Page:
Our results are consistent with previous reports. [36],[37] However, an issue not fully elucidated yet is whether DPOAEs is a more sensitive method in estimating NIHL compared with audiometry. Sutton et al. [38] evaluated the sensitivity of DPOAEs in a group of industrial workers exposed to acoustic overstimulation. The authors found that the time course of the recovery of DPOAE amplitudes was very similar to behaviorally measured temporary threshold shift, suggesting that DPOAEs can be as sensitive as routine audiometry. In another study of overexposure to high levels of music, Liebel et al. [39] compared PTA, transiently evoked OAEs, and DPOAEs in the detection of temporary threshold shift. They concluded that both OAE tests are not ideal instruments in the detection of temporary threshold shift after noise exposure. Furthermore, in several other studies DPOAEs have been found to be a more sensitive method than PTA. In a discotheque experiment, Vinck et al. [40] found significant changes in both transiently evoked and DPOAEs during noise exposure. After studying the recovery pattern of temporary threshold shift between the applied methods, the authors found that both types of emissions at the 4 kHz frequency region did not recover completely to the pre-exposure reference level. This finding indicated that OAEs are more sensitive than the behavioral audiogram in detecting subtle changes in outer hair cell function.

In a more recent report, Attias et al. [37] concluded that both transiently evoked OAEs and DPOAEs had greater sensitivity to noise damage compared to audiogram. This was supported by several findings: (1) Loss of OAEs in subjects with a proven exposure to noise with otherwise normal audiograms; (2) loss of OAEs was the only audiological feature associated with persistent tinnitus; and (3) in cases with head trauma, the emission loss existed on the involved side of the head, and sometimes was the only overt audiological measure. The authors concluded that OAEs may reveal subtle cochlear changes that may be overlooked by the audiogram and thereby complement the behavioral tests for NIIHL diagnosis. Lapsley Miller et al. [36] reported the longitudinal changes in evoked OAEs and puretone thresholds measured in a noise-exposed group and found that hearing threshold increased by 1.2 dB and DPOAEs amplitude decreased by 1.3 dB, when analyzed between 2 and 4 kHz. The authors remarked, however, that due to a wide age range and variation in noise-exposure history it is difficult to put an absolute number on the expected rate of hearing or emission deterioration. They finally concluded, that although OAEs show promise in detecting NIHL, large-scale, long-term longitudinal studies will be required to achieve a full understanding of the relationship between OAEs and NIHL.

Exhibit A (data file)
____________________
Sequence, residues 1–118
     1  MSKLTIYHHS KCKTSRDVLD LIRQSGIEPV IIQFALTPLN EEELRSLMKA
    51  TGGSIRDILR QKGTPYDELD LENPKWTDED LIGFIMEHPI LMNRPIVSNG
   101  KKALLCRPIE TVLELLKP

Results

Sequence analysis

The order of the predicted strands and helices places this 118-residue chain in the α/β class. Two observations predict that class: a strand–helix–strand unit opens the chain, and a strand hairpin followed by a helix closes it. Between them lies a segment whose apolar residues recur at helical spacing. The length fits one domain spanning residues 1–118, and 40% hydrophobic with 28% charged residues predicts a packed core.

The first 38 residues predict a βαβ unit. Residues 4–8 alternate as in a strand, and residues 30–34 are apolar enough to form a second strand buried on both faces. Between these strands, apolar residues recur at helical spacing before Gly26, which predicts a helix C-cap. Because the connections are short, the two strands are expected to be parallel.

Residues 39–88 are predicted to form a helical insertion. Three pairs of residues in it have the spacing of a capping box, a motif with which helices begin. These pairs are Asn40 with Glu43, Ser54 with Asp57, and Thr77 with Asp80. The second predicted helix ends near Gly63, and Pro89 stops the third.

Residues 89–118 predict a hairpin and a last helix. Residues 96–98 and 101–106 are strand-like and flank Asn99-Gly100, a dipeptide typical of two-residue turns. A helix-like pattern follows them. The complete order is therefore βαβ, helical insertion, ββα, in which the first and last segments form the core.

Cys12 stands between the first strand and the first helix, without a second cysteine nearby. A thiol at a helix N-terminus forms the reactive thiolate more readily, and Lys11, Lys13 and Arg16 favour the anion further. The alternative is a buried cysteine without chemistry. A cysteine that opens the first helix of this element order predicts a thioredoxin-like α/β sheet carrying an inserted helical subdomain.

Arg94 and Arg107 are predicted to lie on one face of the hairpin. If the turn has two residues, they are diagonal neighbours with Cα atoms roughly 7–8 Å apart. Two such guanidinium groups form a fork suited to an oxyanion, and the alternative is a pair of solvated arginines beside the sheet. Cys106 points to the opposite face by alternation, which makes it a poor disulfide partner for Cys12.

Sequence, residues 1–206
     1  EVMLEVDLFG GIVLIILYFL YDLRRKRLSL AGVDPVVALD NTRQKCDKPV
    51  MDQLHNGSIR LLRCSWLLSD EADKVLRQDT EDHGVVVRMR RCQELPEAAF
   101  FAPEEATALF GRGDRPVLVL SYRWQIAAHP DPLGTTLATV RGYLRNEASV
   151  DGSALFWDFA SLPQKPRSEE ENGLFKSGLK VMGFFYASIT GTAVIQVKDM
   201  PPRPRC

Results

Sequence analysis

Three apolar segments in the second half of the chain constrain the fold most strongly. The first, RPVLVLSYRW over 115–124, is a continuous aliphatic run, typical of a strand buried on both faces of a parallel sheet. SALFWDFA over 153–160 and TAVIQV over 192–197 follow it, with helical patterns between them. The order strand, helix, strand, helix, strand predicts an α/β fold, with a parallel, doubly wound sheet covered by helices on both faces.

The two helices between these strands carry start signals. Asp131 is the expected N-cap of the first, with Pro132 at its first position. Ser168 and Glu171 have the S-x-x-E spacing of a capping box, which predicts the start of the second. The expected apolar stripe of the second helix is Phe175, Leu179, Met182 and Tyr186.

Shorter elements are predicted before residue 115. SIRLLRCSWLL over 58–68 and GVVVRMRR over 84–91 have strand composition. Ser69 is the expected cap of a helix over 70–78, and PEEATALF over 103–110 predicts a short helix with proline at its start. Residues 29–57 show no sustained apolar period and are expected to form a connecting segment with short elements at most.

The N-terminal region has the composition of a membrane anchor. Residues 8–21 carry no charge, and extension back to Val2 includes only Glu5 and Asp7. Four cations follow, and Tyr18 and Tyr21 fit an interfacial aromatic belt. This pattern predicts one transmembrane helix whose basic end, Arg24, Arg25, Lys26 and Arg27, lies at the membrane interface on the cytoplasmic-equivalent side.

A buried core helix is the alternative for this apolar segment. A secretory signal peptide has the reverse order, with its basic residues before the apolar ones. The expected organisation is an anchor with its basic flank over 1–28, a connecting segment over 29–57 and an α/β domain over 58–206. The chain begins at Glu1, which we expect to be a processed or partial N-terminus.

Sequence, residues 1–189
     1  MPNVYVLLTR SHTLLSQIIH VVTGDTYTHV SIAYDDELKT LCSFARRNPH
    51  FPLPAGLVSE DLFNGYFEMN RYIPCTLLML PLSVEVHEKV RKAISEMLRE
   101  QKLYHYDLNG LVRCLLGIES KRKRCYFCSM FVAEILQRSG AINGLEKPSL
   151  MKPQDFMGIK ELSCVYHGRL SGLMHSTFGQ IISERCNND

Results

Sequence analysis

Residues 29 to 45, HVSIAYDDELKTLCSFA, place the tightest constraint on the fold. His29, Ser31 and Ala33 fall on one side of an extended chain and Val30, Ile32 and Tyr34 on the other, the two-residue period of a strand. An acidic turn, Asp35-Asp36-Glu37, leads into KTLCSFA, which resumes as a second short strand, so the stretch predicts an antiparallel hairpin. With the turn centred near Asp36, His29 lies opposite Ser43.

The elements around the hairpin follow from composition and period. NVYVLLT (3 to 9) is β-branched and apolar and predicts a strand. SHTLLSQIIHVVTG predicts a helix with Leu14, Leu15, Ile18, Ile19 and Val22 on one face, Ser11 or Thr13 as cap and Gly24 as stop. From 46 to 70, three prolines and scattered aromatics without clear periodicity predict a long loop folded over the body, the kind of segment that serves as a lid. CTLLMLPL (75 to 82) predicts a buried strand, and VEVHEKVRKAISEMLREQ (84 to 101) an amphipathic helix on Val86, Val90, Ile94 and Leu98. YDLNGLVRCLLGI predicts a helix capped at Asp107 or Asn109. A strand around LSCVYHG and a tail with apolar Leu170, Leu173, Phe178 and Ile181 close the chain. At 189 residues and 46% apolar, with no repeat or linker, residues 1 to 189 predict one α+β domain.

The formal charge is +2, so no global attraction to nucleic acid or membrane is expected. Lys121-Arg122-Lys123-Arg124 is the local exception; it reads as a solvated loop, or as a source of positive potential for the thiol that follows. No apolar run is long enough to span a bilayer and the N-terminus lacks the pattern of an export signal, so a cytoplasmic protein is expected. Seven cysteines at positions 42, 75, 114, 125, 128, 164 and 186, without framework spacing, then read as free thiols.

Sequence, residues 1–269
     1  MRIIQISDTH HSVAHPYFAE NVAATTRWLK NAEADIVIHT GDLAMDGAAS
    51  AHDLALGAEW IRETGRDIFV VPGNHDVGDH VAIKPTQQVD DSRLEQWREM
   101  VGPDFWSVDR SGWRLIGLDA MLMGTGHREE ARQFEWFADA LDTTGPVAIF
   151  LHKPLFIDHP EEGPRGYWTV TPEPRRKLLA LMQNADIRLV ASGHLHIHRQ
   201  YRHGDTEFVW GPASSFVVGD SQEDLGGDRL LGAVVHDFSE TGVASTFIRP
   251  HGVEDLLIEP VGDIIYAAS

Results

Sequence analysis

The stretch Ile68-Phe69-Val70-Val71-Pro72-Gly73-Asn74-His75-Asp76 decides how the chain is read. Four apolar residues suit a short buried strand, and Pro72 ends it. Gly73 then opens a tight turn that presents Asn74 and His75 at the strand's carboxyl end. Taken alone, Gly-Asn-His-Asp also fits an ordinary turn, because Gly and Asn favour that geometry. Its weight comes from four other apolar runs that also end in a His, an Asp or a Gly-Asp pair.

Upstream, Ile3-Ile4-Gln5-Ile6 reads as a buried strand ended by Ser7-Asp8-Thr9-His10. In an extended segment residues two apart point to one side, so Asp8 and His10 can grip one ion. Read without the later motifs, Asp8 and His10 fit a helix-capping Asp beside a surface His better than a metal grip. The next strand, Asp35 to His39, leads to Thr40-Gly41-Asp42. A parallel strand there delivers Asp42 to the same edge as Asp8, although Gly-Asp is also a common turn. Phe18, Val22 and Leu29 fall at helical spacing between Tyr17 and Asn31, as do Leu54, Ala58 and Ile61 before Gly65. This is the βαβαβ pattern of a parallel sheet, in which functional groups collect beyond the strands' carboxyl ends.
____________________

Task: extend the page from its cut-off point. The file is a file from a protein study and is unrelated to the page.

In the present study, we found that DPOAE levels were selectively affected at the higher frequencies and remained robust at 2 kHz, whereas puretone thresholds were affected at all frequencies and only the interaction of Frequency with either the Ear (right/left) measured or the Group (noise exposed or control) was statistically significant. Direct comparison of the number of significantly affected ears between the two methods at 1, 2, and 4 kHz showed statistically significant differences at all comparisons, with more ears affected in PTA in comparison with DPOAEs at 4 kHz, whereas more ears were affected in DPOAEs at the lower frequencies (1 and 2 kHz). Comparison between the elevation of thresholds in behavioral audiometry and the reduction of levels in DPOAEs showed significant correlation across all frequencies. From these results, we may conclude that DPOAEs and PTA are both sensitive methods in detecting NIHL, with DPOAEs tending to be more sensitive at lower frequencies. Probably DPOAEs may be better for detecting noise-induced inner ear changes than the audiogram, because they represent a more direct measurement of cochlear processes.

Another important finding which has been also reported in previous studies, [41] is that although parallel changes were observed on both PTA (elevation of thresholds) and DPOAEs (reduction of amplitude) in most affected ears, in some ears changes were found in only one test performed, indicating different sensitivity among ears. Reduced DPOAEs in the presence of normal audiogram may be explained along several lines. Firstly, the theory of outer hair cell redundancy has been proposed, according to which only some of them are required for normal hearing. [28] Consequently, extensive loss of outer hair cells may occur, without change in puretone thresholds, and OAEs, which accurately reflect outer hair cell activity may be diminished, exhibiting noise-induced subclinical changes. Secondly, test-retest variability is lower in OAEs than audiometry, resulting in detection of smaller noise-induced changes. [36] Thirdly, it is possible that high-frequency hearing loss may affect lower frequency OAEs, due to intermodulation distortion of the OAE components. [41] And, fourthly, a differential effect of age on OAEs and hearing has been reported in several studies, which have shown that OAEs decrease with age, even when audiometric thresholds are controlled. [42] Additionally, noise exposure further accelerates the loss of outer hair cells throughout life. [43]